Am I My Brother’s Keeper?

Am I My Brother’s Keeper?

Maybe one of the most famous quotes from the book of Genesis comes from Genesis 4:9 – “Am I my brother’s keeper?” In context, Cain had just murdered his brother Abel and was trying to avoid telling God where his brother was. Fast forward to today and that is still a popular question. So, what is the answer? Am I my brother’s keeper?

The New Testament answers this question quite clearly; yes. There are over 130 instances where Paul uses the term “brother” in talking about fellow Christians. In fact, the Hebrew writer goes as far as to make the claim that Christ is not ashamed to call His followers “brethren.” (Heb. 2:11) This term points to the crucial familial relationship in Christianity. Brotherhood is a sharing of a common blood and Christians share in their relationship to the blood of Christ. (Eph. 1:7) Not only that, but we share in our bonds to a heavenly Father. (Eph. 4:6) Christianity is a brotherhood and this implies a care for one another.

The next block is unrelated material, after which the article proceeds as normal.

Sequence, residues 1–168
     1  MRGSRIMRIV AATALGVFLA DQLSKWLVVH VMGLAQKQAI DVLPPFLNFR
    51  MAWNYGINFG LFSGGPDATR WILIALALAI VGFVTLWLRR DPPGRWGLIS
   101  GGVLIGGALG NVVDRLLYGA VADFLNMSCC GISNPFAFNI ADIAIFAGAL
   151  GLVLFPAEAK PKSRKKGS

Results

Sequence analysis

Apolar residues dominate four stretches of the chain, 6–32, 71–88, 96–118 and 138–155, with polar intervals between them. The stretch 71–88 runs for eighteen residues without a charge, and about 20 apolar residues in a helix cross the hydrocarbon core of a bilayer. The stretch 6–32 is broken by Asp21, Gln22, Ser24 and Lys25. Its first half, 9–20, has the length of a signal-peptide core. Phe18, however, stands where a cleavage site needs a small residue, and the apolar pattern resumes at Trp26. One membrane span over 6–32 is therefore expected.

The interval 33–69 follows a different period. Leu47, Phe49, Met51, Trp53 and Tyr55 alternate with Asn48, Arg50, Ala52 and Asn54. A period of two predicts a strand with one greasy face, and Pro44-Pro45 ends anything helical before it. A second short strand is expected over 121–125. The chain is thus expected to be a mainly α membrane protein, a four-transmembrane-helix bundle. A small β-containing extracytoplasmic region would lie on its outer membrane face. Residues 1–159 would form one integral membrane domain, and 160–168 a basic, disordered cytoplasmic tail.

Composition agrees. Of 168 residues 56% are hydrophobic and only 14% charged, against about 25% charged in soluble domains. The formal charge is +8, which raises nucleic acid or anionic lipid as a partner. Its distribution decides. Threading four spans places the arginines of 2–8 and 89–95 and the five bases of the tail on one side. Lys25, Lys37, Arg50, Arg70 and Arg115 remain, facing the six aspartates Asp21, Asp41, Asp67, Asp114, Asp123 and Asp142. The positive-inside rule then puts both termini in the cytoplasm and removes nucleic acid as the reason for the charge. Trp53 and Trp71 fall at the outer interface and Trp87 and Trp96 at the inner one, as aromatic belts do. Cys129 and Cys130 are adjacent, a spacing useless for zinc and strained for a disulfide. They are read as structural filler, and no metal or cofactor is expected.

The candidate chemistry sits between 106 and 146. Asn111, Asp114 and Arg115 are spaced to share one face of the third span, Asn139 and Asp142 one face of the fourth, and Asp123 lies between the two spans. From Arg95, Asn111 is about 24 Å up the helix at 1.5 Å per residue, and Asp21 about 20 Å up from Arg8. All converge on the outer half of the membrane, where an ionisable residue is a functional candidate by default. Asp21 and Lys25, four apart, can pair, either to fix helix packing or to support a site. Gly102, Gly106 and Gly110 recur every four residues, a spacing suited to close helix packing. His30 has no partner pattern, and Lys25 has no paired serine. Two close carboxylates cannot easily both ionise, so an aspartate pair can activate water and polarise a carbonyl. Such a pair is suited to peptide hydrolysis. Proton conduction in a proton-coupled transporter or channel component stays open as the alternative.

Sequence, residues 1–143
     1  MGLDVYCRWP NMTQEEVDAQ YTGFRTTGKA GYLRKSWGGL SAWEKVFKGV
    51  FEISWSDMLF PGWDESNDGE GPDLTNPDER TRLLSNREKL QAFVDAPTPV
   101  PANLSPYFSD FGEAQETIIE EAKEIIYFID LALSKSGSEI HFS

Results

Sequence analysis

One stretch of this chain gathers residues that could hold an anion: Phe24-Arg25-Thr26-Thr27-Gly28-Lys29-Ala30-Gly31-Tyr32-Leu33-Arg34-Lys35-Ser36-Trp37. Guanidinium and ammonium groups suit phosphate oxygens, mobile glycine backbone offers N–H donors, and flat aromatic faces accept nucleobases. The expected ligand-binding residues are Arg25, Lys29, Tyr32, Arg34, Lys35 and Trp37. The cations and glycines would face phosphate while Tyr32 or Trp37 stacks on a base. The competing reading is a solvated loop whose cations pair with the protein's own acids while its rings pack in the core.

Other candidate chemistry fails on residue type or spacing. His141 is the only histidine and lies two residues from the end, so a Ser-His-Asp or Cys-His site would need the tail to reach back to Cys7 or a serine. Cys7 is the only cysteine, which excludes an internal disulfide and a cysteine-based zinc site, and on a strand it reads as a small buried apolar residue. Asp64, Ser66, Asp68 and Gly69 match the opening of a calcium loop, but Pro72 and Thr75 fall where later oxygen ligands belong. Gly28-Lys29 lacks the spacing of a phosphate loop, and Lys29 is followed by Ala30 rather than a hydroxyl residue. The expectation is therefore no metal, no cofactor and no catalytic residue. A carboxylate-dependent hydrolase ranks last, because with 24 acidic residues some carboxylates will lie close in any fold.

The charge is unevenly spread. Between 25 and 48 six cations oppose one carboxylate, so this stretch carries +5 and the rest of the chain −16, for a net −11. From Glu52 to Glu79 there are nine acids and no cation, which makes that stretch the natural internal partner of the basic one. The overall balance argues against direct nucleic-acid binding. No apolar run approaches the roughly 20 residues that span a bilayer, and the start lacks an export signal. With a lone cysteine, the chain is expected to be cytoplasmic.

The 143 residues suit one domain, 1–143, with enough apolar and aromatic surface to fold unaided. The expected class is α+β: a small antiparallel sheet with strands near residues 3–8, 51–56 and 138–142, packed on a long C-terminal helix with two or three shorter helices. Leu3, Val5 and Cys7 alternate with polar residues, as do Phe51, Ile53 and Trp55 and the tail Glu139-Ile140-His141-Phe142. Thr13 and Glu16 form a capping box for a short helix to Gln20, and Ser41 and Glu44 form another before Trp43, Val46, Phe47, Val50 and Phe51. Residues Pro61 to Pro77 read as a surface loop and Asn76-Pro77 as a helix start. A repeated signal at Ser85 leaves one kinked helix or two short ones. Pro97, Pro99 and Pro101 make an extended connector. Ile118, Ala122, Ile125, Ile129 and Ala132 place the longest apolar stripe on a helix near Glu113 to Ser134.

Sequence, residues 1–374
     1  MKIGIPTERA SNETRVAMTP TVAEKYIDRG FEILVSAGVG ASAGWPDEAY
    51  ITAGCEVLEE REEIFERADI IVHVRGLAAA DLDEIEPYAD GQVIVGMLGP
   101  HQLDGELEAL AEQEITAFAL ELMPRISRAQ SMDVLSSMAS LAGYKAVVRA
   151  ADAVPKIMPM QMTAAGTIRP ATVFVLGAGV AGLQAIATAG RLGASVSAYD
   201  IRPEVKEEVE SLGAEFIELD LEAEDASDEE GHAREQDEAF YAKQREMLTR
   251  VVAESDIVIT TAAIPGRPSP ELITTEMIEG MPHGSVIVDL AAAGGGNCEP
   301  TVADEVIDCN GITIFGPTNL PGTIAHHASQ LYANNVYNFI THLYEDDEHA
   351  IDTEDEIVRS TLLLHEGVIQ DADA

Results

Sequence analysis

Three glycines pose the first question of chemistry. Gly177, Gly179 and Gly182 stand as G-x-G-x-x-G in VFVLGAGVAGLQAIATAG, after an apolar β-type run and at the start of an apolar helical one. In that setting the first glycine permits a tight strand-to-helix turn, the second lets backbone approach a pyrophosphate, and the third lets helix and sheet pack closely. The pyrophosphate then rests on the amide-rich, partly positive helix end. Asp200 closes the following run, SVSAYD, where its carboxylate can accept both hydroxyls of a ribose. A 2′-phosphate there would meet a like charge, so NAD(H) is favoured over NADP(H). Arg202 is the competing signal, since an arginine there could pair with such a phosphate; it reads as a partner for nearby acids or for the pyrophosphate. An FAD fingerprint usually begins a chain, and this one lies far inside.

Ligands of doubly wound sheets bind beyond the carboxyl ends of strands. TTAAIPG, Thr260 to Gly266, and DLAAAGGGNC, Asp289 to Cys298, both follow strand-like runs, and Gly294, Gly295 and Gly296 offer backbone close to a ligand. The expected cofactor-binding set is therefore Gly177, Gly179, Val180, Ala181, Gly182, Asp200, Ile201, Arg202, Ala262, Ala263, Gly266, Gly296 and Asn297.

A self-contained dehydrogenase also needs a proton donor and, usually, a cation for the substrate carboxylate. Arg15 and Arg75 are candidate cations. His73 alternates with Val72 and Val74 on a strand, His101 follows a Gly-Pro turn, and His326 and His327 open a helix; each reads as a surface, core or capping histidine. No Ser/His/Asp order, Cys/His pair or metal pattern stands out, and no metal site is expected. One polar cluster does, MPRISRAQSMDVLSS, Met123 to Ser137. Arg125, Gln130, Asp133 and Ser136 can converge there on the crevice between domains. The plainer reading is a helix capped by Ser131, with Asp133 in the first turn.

Several times and in several verses, Christians are called to have a care and concern for one another. Passages such as James 2:14-16 show us that a selfish mindset avails to nothing. On the other hand, there are imperative verses like 1 Corinthians 10:24 that tell us to seek the well-being of others. John points out that Christians are to love one another, but he makes an important distinction – Christians are to love one another as brethren, unlike Cain who was wicked towards his brother. (1 Jn. 3:11-15) Christians are to love one another and that involves encouraging one another. We are to provoke one another to love and good works. (Heb. 10:24) And if a brother stumbles, we are supposed to be brother keepers and help them regain their footing. (Gal 6:1)

So, am I my brother’s keeper? If you are a Christian, then the answer is a resounding yes. Christians are brethren, family, and as such we should have a care and concern for one another. We are not to lord over one another, but we are to take care of one another. (Matt. 20:24-25) To love one another as a family should love one another.

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